Despite these missteps, I think it is also fair to say that the relationships have improved in Davis in recent years. (I give credit here in part to former Mayor Joe Krovoza, himself a campus employee, and John Meyer, a prior Davis city manager who recently retired from his position as UC Davis vice chancellor.) The city-campus cooperation in the joint management of their respective fire departments, and campus officials’ regular participation in City Council meetings to discuss these thorny issues, have been a positive development. The campus early invitation to the community to comment on the Nishi-Gateway project (officially the University Downtown Gateway District) has also been helpful.
But in my view there is still room for improvement. Where was the town-gown public discussion in advance of the announcement by Katehi in 2011 of plans to boost campus enrollment by 5,000 undergraduate students (20 percent)? In particular, what if any assessment was done in regard to how this expansion might impact its next-door neighbor, the City of Davis? Well into this expansion, there is still time for a timely discussion of what those impacts are and how we can jointly help each other cope with the traffic and other programmatic impact on the city that come with a major campus expansion.
What could future agendas on such a “2 by 2” look like? Here are a few additional suggested issues that I think need vetting:
— With the fire department management agreement settling into place, what other opportunities exist for joint operations and efficiencies like sharing of facilities (like recreational fields) that could save taxpayer money for both entities?
— The current campus long range development plan expires next year and UC Davis officials have said a new plan is going to be developed. What new proposals are being considered for inclusion in that plan, and how could they affect the City of Davis?
— Part of those long-range plans center on the Nishi-Gateway project. Can the project be designed to divert more student and employee traffic more directly into the campus instead of through the Richards Boulevard undercrossing, rather than aggravating traffic and parking problems downtown during the rush hour? Can the project also be designed in a way that ensures that property-tax paying businesses (rather than university entities exempt from property taxation) dominate the office space built on Nishi land annexed to the city?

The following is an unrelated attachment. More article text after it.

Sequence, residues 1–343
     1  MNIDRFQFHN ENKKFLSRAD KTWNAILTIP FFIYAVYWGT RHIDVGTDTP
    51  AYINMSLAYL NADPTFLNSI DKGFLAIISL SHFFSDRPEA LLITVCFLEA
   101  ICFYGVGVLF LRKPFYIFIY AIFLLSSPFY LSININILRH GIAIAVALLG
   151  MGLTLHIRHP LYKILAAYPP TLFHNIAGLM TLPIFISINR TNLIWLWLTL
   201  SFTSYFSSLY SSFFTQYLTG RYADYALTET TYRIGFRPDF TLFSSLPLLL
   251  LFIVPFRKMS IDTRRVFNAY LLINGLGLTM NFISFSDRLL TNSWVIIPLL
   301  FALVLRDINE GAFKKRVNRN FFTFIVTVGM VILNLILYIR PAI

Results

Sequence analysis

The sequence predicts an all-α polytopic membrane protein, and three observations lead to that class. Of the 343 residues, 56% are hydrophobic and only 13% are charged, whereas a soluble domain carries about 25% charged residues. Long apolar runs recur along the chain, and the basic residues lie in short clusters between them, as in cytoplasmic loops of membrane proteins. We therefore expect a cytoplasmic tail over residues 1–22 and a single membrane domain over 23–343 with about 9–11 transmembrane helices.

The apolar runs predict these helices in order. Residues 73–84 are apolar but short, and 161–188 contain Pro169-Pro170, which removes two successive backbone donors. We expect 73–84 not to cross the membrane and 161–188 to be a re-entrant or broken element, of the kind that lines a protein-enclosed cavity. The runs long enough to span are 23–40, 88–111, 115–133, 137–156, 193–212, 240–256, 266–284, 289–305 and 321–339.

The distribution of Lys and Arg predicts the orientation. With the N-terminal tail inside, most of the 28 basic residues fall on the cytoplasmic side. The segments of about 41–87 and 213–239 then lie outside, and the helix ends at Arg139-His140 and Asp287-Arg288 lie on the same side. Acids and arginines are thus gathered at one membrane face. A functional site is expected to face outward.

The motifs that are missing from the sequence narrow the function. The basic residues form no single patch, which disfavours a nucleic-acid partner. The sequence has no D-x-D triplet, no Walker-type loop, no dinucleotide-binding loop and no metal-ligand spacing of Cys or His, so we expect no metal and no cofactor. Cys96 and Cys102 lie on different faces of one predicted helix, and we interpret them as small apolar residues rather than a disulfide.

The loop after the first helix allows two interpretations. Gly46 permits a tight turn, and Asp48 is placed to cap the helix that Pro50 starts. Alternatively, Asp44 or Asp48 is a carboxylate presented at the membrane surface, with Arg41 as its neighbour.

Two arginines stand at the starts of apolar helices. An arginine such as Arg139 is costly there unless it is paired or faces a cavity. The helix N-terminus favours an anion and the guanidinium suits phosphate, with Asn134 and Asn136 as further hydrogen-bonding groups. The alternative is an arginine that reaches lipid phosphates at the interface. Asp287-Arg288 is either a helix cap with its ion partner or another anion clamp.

— How does the campus view the specific pending innovation/research park proposals that have been submitted, and what input does the campus have to offer to City Hall in regard to how they could be tailored to facilitate the migration of campus research into full-blown business enterprises that could stimulate our economy? And how can the city and university work together to reinvigorate the existing UC Davis business park in South Davis? (Lots of vacancy signs visible around there.)
— While West Village apartments have been built out, the single-family subdivision there has been repeatedly postponed without much of any public explanation from campus officials. What are their intentions at this point, and when will they deliver on their promise on an MOU (as stated in their EIR for the project) to mitigate the traffic and other impacts of the project in the city?
— So why exactly is it that the City of Davis is not being considered for a third World Food Center campus? And, even if the center ends up in West Sacramento or Sacramento, what opportunities exist for our town to tap into the economic spin-off from a new third campus in the region?
As I said earlier, city-university relations are hardly at a crisis point but seem to be improving. The object of creating a mechanism for regular public discussion of town-gown issues is to avoid future confrontations and maximize our opportunities for cooperation. The best time to set up such a mechanism is now, while things are going fairly smoothly, rather than waiting for the next “biolab” or West Village meltdown to erupt.
Dan Carson received his MBA from the UC Davis Graduate School of Management and is currently a member of the city Finance and Budget Commission. His comments represent his personal views and not those of the commission.